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1. Assess the technical merit and scientific caliber of NIST's manufacturing programs relative to comparable programs worldwide. Furthermore, assess NIST's ability to provide leadership in manufacturing technology areas. How effective are current metrics for measuring value and success in manufacturing programs? Background: The panel is to assess whether NIST is targeting the appropriate technological maturity level in its research programs. Are the laboratories adequately anticipating technology trends and service delivery methods? Are they effectively measuring their success? Are there different or additional metrics that should be considered? 2. Assess the efficacy of NIST's engagement with outside stakeholders to: Guide definition of the laboratory's priority areas that address key needs within manufacturing Steer development of NIST's programmatic plans within the priority areas to address the high-priority needs of the manufacturing domain Ensure that NIST's programs in measurement science, standards, and services have the necessary impact in advancing the Nation's competitiveness. 3. Assess coordination and cohesion across NIST of programs in the specific Advanced Manufacturing topics (i.e., nanomanufacturing, smart manufacturing, and next-generation materials measurements, modeling, and simulation). The context of this technical assessment is the mission of NIST, which is to promote U.S. innovation and industrial competitiveness by advancing measurement science, standards, and technology in ways that enhance economic security and improve the quality of life. The NIST laboratories conduct research to anticipate future metrology and standards needs, to enable new scientific and technological advances, and to improve and refine existing measurement methods and services. In order to accomplish the assessment, the NRC assembled a panel of 14 volunteers who have strong expertise in the areas of the work performed by the NIST staff in the manufacturing- related programs reviewed. The panel members were also grouped into three review teams. The expertise of the members of the respective review teams especially matched that of the work performed in the areas of Nanomanufacturing, Smart Manufacturing, and Next-Generation Materials Measurements, Modeling, and Simulation. As may be expected, the lines of demarcation for programs of such wide scope are necessarily fuzzy. Consequently, although the review of NIST's manufacturing-related programs and this report were organized around these areas, the reader will find several instances of overlap and cross-reference. Also, in conducting this assessment, the panel's view was that the national priorities in manufacturing are synonymous with the priorities of the U.S. manufacturing industry. The panel members met at the NIST facilities in Gaithersburg, Maryland, on March 26- 28, 2012. The agenda for the session with the full panel included the following: Welcoming comments by the Director of NIST; Overview presentations by the Chief Manufacturing Officer, the Director of Innovation and Industry Services, and the Director of the Program Coordination Office; Overview presentations of NIST mission-specific work supporting and advancing manufacturing by the Director of the Physical Measurement Laboratory, the Director 6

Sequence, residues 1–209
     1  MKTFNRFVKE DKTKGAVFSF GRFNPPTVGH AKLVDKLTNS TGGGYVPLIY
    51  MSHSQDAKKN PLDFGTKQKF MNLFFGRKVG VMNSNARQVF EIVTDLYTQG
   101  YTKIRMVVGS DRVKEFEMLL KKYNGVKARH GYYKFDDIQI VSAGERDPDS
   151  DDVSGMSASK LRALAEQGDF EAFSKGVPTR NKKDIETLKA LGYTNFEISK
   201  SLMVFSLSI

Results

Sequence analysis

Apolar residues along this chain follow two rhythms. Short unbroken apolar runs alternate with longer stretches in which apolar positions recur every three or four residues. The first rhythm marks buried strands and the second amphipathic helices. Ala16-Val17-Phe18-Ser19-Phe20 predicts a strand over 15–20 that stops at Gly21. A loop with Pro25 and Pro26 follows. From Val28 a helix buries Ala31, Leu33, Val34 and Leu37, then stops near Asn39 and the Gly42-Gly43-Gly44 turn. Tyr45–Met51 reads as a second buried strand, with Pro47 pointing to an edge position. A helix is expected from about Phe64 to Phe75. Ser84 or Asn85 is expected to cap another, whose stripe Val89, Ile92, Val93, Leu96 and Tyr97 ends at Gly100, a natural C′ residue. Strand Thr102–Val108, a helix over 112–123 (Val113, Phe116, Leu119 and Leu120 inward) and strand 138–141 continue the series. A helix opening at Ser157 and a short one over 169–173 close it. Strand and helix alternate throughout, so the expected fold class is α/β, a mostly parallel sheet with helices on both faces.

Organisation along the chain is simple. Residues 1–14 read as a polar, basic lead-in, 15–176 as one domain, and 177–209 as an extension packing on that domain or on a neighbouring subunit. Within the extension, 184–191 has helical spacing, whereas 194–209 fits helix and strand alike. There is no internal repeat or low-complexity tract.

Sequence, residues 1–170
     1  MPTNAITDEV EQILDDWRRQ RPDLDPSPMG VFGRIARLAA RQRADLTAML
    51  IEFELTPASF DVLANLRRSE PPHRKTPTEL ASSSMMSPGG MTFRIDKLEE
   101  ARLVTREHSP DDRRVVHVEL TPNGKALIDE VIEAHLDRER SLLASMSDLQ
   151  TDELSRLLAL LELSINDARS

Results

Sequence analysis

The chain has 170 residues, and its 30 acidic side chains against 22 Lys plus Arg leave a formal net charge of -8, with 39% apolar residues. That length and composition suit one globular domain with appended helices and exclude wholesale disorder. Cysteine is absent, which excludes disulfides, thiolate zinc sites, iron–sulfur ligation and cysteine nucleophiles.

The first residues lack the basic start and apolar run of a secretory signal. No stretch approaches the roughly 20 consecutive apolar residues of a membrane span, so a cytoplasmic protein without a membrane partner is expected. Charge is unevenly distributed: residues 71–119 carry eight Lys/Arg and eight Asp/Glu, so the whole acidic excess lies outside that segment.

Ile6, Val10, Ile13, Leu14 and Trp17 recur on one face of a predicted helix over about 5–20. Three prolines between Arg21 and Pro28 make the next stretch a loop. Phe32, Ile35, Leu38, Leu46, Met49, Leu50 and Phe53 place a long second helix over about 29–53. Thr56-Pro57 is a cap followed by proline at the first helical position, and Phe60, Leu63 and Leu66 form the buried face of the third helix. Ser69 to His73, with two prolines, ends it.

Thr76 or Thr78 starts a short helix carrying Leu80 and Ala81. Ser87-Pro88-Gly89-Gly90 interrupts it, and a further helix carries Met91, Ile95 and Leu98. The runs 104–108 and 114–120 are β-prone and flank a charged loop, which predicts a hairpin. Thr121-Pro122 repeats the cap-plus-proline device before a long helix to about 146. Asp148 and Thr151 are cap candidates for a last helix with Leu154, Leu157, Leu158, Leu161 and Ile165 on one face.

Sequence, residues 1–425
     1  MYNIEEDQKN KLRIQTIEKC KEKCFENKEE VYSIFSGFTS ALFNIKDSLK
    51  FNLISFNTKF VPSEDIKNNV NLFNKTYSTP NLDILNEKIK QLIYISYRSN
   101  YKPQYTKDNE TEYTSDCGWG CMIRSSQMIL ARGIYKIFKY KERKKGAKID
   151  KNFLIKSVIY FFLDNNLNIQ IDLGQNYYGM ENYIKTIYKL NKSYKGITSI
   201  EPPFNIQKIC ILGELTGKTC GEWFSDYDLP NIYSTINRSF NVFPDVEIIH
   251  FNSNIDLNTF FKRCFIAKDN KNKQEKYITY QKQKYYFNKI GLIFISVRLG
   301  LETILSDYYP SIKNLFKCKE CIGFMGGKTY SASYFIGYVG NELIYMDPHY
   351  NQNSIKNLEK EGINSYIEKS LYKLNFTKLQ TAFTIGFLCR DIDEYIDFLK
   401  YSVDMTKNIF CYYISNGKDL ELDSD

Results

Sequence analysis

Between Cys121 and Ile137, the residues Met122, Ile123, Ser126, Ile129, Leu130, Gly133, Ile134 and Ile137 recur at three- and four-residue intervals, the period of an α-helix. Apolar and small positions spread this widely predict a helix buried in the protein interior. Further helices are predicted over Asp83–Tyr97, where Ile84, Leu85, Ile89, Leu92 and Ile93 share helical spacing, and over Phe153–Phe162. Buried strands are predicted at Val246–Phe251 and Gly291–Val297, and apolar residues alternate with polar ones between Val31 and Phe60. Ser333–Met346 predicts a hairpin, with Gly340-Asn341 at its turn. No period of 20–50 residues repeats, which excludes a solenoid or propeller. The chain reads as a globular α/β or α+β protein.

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of the Information Technology Laboratory, and the Director of the NIST Center for Neutron Research; and Overview presentations and panel discussions on the advanced manufacturing topic areas of Nanomanufacturing, Smart Manufacturing, and Next-Generation Materials Measurements, Modeling, and Simulation. Following this full-panel session, the panel divided into its three review teams, and each team (led by a team leader chosen from within the panel) then reviewed activities in its respective advanced manufacturing topic area. During these area reviews, the review team members attended presentations, tours, and interactive sessions with NIST staff; they also conducted interactive sessions with NIST managers. Subsequently, the entire panel assembled for discussions with NIST management. It then met in a closed session to deliberate on its findings and to define the contents of this assessment report. The approach of the panel to the assessment relied on the experience, technical knowledge, and expertise of its members, whose backgrounds, as noted above, were carefully matched to the technical areas of NIST's manufacturing-related activities. For its assessment, the panel relied primarily on presentations made by NIST managers and staff and on the informational materials prepared by NIST staff for use by the panel prior to and during the deliberations. The panel reviewed selected examples of the manufacturing-related technological research covered by NIST; because of time constraints, it was not possible to review these programs and projects exhaustively. The examples reviewed by the panel were selected by NIST in consultation with the panel chair and NRC staff. The panel's goal was to identify and report salient examples of accomplishments and opportunities for further improvement. These examples are intended collectively to portray an overall impression of the manufacturing-related programs at NIST while also preserving useful suggestions specific to projects and programs that the panel examined. The panel applied a largely qualitative rather than a quantitative approach to the assessment. The comments in this report are not intended to address each particular program within the NIST manufacturing-related areas exhaustively, but instead to identify key accomplishments and issues. Given the necessarily non-exhaustive nature of the review process, the omission of any particular program or project should not be interpreted as a negative reflection on the omitted program or project. The preceding Summary, which highlights issues that apply broadly to several or all of the manufacturing areas or to the manufacturing-related programs as a whole, presents the panel's key recommendations for NIST. Following this introductory chapter, the next three chapters provide overall assessments of the three areas of advanced manufacturing: Chapter 2 presents a detailed overall assessment of the Nanomanufacturing activities, Chapter 3 addresses the Smart Manufacturing activities, and Chapter 4 presents an overall assessment of the Next- Generation Materials Measurements, Modeling, and Simulation activities. Chapters 2 though 4 also present recommendations relevant to their topic areas, including the key recommendations presented in the Summary and others as appropriate. Chapter 5 discusses crosscutting themes identified by the panel, and Chapter 6 offers the panel's overall conclusions. 7